Pharmacy » Workplace Violence


Workplace violence occurs in healthcare settings almost four times as often as in private industry overall (U.S. Bureau of Labor Statistics). Although anyone working in a hospital may become a victim of violence, pharmacists are at higher risk due to the availability of drugs and money in the pharmacy area, which makes pharmacists possible robbery targets.

The effects of violence can range in intensity and include minor or serious physical injuries, temporary or permanent physical disability, psychological trauma, and even death.

The individual risk factors for violence vary from hospital to hospital depending on factors such as location, size, and type of care provided. Some common risk factors for hospital violence include the following:

  • Working directly with patients or visitors who have a history of violence, abuse drugs or alcohol, and/or have access to firearms, knives, or other weapons;
  • Working when understaffed;
  • Long waits for service;
  • Working alone;
  • Poor environmental design;
  • Inadequate security;
  • Lack of staff training and policies for preventing and managing crises with potentially volatile patients;
  • Unrestricted movement of the public; and
  • Poorly lit corridors, rooms, parking lots, and other areas.

Recognized Controls and Work Practices

  • Establishing a Workplace Violence Prevention program to address the risk of violent patients and that includes the following elements:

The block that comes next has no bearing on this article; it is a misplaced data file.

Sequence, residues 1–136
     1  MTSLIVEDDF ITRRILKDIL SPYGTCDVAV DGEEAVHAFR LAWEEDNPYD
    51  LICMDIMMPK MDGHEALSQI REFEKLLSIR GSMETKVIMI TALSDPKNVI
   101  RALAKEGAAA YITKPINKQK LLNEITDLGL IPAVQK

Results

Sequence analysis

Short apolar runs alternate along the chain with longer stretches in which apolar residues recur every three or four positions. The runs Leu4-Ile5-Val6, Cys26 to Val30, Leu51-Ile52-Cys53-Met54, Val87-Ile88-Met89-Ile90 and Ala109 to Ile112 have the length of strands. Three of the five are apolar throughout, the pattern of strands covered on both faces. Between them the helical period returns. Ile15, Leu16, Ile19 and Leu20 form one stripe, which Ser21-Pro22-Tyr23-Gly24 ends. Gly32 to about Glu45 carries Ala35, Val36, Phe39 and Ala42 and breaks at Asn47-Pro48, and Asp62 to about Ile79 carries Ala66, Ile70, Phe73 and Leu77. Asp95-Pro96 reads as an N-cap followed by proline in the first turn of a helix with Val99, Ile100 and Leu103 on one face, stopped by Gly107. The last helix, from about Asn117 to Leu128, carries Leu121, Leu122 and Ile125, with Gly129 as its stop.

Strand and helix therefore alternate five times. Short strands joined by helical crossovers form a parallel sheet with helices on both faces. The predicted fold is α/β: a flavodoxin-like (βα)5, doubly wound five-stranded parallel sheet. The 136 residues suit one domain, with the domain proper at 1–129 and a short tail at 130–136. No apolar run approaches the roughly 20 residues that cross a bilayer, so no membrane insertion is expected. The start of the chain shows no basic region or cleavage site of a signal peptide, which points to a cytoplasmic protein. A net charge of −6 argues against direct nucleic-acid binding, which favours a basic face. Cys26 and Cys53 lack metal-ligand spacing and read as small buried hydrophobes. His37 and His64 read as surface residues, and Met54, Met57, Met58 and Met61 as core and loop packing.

• Management Commitment to the Workplace Violence Prevention Program
    • Employee Participation
    • Worksite Analysis
    • Hazard Prevention and Control
    • Safety and Health Training
    • Recordkeeping and Program Evaluation
  • Training staff to recognize and de-escalate potentially violent situations and patients, to be alert for potential violence and suspicious behavior and report it, and to provide intervention measures including verbal, social, physical, and pharmacological interventions where feasible.
  • Providing adequate staffing levels on each shift.
  • Implementing engineering controls, such as:
    • Bolting down furniture
    • Installing plexiglass in the payment window in the pharmacy area.
    • Installing and maintaining improved lighting and video surveillance in the pharmacy area.
    • Implementing security devices such as panic buttons, beepers, surveillance cameras, alarm systems, two-way mirrors, card-key access systems, and security guards.

OSHA emphasizes that the controls discussed here do not represent the full array of controls that would comprise an effective Violence Prevention Program. For more information, please see Guidelines for Preventing Workplace Violence for Health Care & Social Service Workers. OSHA Publication 3148, (2016) and other documents referenced below.

Additional Information